Now is the right time to become an American Federation of Musicians member. From ragtime to rap, from the early phonograph to today's digital recordings, the AFM has been there for its members. And now there are more benefits available to AFM members than ever before, including a multi-million dollar pension fund, excellent contract protection, instrument and travelers insurance, work referral programs and access to licensed booking agents to keep you working.

As an AFM member, you are part of a membership of more than 80,000 musicians. Experience has proven that collective activity on behalf of individuals with similar interests is the most effective way to achieve a goal. The AFM can negotiate agreements and administer contracts, procure valuable benefits and achieve legislative goals. A single musician has no such power.

The AFM has a proud history of managing change rather than being victimized by it. We find strength in adversity, and when the going gets tough, we get creative - all on your behalf.

Like the industry, the AFM is also changing and evolving, and its policies and programs will move in new directions dictated by its members. As a member, you will determine these directions through your interest and involvement. Your membership card will be your key to participation in governing your union, keeping it responsive to your needs and enabling it to serve you better. To become a member now, visit


Articles, Recent News

She Rocks Awards Recognize Music Industry Leaders

Held during the January NAMM Show for the sixth consecutive year, the She Rocks Awards paid tribute to women who display leadership and stand out in the music industry.

Bob Weir Honored with Music for Life Award

AFM Local 6 (San Francisco, CA) member Bob Weir was honored at the opening of the 2018 National Association of Music Merchants (NAMM) show in Anaheim, California.

Unplugged in Cuba: Local 5 Member Plays Havana’s Streets

“My father taught me the old standards, swing, and Latin-influenced music,” says guitarist Ed Zelenak of Local 5 (Detroit, MI), adding that it served him well on his 2017 visit to Cuba. He seized upon the opportunity to visit the island when the US embargo was lifted.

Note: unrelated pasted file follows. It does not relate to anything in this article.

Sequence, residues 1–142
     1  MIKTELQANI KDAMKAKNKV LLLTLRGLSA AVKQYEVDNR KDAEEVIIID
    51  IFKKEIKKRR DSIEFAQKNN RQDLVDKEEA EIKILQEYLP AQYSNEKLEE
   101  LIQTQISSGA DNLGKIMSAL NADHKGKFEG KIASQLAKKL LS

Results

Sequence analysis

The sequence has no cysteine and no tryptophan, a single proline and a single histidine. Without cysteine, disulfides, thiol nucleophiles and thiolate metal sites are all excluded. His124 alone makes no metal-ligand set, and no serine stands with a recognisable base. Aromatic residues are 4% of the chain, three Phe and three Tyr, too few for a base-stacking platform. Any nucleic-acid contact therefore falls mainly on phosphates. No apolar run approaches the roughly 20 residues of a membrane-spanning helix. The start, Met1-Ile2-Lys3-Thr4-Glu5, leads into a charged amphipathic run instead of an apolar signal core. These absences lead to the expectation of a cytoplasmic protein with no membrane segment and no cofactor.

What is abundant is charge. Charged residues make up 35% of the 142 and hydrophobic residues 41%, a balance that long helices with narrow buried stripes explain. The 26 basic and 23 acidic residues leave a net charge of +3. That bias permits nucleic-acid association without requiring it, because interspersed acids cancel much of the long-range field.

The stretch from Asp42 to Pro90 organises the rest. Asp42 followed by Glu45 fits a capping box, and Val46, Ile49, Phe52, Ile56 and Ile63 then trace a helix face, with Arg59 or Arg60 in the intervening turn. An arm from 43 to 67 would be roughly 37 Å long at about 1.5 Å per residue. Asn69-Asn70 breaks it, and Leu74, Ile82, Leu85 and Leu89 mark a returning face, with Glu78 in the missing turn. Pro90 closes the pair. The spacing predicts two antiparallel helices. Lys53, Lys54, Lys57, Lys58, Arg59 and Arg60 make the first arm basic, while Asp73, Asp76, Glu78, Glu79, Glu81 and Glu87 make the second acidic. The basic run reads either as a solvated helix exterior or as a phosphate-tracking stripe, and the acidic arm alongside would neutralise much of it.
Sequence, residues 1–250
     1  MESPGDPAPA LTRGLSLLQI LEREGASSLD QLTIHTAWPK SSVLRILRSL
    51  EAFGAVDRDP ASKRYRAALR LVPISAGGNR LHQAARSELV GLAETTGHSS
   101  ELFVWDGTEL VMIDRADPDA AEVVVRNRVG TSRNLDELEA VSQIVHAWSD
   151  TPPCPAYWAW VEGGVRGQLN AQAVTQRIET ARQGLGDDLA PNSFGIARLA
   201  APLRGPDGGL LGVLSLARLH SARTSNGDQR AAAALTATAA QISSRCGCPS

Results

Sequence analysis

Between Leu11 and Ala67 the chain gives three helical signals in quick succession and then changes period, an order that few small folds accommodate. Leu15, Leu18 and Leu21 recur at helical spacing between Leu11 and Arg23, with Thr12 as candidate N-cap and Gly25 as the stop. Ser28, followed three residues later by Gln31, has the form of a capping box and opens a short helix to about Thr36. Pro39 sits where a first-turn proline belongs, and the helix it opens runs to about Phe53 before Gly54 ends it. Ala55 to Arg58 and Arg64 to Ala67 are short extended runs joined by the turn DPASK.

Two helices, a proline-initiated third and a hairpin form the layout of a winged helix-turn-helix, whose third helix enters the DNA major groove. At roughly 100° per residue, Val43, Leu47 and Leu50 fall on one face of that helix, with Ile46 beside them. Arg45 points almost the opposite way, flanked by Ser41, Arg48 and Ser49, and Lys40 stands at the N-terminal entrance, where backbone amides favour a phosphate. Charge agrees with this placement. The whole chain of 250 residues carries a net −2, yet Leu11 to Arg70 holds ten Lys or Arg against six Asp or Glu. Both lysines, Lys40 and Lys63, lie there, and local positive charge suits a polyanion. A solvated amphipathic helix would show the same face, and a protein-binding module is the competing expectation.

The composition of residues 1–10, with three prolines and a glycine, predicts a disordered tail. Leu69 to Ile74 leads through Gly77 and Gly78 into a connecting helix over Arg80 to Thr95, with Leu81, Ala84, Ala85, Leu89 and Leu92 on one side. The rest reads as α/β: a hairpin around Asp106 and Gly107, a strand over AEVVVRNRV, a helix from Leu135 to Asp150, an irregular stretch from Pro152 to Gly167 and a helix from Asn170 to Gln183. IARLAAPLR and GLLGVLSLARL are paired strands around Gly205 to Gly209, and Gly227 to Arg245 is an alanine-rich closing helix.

In Historic Victory, Los Angeles Times Votes to Unionize

On Friday, January 19, journalists at the Los Angeles Times voted overwhelmingly, 248-44 in favor of a union. It’s a milestone for the 136-year-old paper that historically has been under management hostile to unionization

AFM Members Among USA Fellows

Two AFM members of Local 802 (New York City) are among this year’s United States Arts (USA) fellows. Jazz saxophonist-composer Wayne Shorter and composer, conductor, educator Tania León will each receive unrestricted $50,000 cash awards.

Workers See Slow Gains for 2018

US workers continue to face uncertainty about health care and low $7.25 per hour federal minimum wage. However, 18 states gave minimum wage workers a raise for 2018 and several more have laws requiring sick leave and family leave.

8,000 Musicians Attempt Record-Breaking Performance in Korea

In mid December, more than 8,000 musicians gathered in Seoul, Korea, in an attempt to break the Guinness World Record for largest orchestra. The orchestra was made up of amateur musicians from churches located around the country.

Singer Duke Fakir Calls for Passage of Classics Act

In a December 29 op-ed appearing in The Washington Post, singer Duke Fakir called on Congress for passage of the Classics Act to ensure digital radio cannot exploit artists by amending federal law to require the same digital royalties for all music, whenever it was recorded.

Tip Pooling Leads to Worker Exploitation

Tip pooling is when employers require, or strongly suggest, that tipped workers put a portion of their tips into a common pool. In the past, such practices allowed employers to take control over employee tips and retain part of the money for themselves or distribute it to other employees.

US CEOs Have Biggest Pay Gap Compared to Average Workers

Companies listed on the US exchange must disclose the ratio between a chief executive officer’s compensation and the pay of its median worker for any fiscal year starting on or after January 2017.